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The alphabet is the singlemost important and enduring contribution the Canaanite culture has given to later civilization. The simple phonetic alphabet enabled the spread of literacy to the masses, rather than keeping it in the hands of the educated scribes.

The earliest writing, dating to the end of the 4th millennium BCE, has been found in Mesopotamia and Egypt. Writing involves the use of a system of signs or symbols to represent the spoken language. In Mesopotamia, scribes recorded commercial transactions on clay tablets. In Egypt, hieroglyphics were inscribed in stone and written on papyrus. The earliest writing took the form of pictographic signs in which pictures were used to represent words and objects.

In Mesopotamia, the pictographs became more stylized over time and eventually developed into wedge-shaped linear signs known today as cuneiform. The word cuneiform means "wedge-form" and is used to describe the wedge-shaped script formed by pressing a rectangular-ended stylus -- a writing stick made out of reed, wood, metal or bone -- into wet clay. Cuneiform signs could represent either whole words or phonetic syllables consisting of vowel-consonant groupings.

The cuneiform script was first developed by the Sumerians, but in the 3rd millennium BCE the Akkadians began using the script to write their language. The Akkadian language and the cuneiform script were used by the Babylonians and the Assyrians. Cuneiform continued to be used into the first century CE. In Egypt, writing took the form of hieroglyphics which, like cuneiform, began as a pictographic script and later developed into a system of syllables. Unlike cuneiform, however, the hieroglyphic pictographs were never stylized into linear symbols and use of hieroglyphics continued until the late 1st millennium BCE. At the same time, though, the Egyptians developed a cursive style of writing called hieratic in the earlier periods and demotic in later times.

Throughout Mesopotamia, Egypt and Canaan, writing was primarily rendered on stone, clay tablets or papyrus. Writing could be inscribed on almost any material, however, including potsherds, metal or wax pressed over a wooden board to form a writing tablet. One other important medium for writing was the cylinder seal. Cylinder seals were cylinders made of a hard material like stone or baked clay, which were engraved with a design. When the seals were rolled over wet clay, they created an impression of the engraving. Cylinder seals were used to mark door locks and closed containers of goods, and were also used to seal legal documents or the clay envelopes containing the documents. They were generally associated with specific individuals and often carried inscriptions containing the name of their owner.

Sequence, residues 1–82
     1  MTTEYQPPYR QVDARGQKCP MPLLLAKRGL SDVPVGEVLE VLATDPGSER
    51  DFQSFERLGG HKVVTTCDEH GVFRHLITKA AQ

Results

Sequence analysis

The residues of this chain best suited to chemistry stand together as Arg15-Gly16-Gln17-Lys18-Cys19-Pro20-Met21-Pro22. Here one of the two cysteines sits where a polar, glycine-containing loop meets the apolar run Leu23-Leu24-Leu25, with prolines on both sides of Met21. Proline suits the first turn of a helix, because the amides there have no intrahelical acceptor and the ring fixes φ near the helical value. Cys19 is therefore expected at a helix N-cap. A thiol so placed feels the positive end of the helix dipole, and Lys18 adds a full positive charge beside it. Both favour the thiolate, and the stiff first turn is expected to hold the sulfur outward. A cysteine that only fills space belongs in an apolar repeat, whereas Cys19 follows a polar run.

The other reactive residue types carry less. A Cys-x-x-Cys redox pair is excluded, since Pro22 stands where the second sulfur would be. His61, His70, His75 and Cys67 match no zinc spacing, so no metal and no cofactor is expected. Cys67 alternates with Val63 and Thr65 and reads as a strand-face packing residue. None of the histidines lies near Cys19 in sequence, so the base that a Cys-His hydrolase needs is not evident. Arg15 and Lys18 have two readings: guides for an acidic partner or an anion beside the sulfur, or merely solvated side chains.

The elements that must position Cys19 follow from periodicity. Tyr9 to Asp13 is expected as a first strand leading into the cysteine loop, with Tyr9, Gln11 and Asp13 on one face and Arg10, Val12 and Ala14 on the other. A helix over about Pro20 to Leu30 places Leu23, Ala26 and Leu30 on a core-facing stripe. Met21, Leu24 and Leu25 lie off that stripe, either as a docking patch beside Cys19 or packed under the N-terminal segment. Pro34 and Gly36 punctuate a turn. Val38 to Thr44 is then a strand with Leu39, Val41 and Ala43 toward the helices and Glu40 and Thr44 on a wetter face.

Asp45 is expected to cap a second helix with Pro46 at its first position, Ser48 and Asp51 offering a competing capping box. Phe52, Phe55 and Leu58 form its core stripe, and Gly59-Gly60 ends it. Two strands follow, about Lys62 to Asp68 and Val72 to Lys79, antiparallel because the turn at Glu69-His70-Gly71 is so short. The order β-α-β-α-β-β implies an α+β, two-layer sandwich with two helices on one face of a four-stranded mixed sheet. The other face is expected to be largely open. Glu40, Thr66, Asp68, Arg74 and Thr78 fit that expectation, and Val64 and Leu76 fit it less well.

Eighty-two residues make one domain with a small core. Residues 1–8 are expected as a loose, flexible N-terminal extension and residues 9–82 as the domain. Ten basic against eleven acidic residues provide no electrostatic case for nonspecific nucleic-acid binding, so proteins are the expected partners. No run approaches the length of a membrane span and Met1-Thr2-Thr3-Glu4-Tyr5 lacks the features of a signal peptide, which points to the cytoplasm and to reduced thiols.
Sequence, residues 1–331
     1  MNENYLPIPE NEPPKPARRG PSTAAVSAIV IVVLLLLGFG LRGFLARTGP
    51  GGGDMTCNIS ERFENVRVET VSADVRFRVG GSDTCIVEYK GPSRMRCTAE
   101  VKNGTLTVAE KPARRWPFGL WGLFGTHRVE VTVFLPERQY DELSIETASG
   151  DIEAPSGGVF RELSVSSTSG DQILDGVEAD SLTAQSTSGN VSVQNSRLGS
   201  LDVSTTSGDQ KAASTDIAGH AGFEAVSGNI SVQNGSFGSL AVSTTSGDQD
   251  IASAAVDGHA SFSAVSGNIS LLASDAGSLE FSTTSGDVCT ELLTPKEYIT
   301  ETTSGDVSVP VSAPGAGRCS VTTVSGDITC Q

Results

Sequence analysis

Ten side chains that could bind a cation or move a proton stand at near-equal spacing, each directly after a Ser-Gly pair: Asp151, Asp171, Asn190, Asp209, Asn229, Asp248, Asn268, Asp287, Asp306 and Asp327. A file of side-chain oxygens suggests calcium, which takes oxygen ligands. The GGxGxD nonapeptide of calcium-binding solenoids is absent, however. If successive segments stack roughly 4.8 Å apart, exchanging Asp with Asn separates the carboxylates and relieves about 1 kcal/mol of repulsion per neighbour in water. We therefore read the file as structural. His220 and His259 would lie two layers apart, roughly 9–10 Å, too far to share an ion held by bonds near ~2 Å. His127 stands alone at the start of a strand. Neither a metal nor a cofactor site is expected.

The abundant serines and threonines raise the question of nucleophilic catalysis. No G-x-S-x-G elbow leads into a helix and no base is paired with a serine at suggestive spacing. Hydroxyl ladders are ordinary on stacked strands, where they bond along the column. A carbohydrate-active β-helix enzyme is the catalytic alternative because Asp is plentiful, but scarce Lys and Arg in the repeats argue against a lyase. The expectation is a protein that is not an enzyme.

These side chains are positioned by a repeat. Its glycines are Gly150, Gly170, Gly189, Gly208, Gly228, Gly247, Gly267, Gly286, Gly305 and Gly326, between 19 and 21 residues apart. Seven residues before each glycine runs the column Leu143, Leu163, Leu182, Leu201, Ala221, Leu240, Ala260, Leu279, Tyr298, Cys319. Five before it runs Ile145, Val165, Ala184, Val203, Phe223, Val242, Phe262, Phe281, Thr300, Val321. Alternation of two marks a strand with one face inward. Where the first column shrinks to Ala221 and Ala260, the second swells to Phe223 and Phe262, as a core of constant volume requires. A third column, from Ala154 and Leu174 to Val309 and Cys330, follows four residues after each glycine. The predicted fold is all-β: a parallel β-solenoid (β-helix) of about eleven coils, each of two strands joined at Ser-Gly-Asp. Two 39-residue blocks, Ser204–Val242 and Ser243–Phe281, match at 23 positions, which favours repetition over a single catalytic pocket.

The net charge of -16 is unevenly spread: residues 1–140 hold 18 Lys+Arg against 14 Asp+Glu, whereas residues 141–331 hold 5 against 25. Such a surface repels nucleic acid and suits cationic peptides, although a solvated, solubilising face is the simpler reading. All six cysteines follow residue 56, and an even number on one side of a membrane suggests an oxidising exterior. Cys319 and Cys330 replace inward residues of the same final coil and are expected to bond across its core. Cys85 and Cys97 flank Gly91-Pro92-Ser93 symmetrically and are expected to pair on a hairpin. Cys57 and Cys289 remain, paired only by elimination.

Aramaic and Ammonite Writing
on display at the Museum

Although writing began in the 4th millennium BCE, alphabetic writing was a much later development. In contrast to the earlier writing systems, alphabetic writing consists of a system of signs which each represent a single sound of speech, rather than syllables or whole words.

The earliest known alphabetic inscriptions are called Proto-Canaanite and date from 1700 - 1500 BCE. Proto-Canaanite, which may have been an adaptation of Egyptian hieroglyphics, developed into the first true alphabetic writing system: Phoenician. The Phoenicians occupied an area that is part of modern Lebanon, Syria and Israel. Their 22 letter alphabet consisted of pictures of objects but, rather than using the pictures to represent whole words as with pictographs, each letter represented the first sound of the word for the object. The Phoenician alphabet, like earlier Egyptian hieroglyphics, included only consonants, not vowels. This alphabet developed into old Hebrew, Aramaic, and Greek and, eventually, the Roman alphabet we use today.

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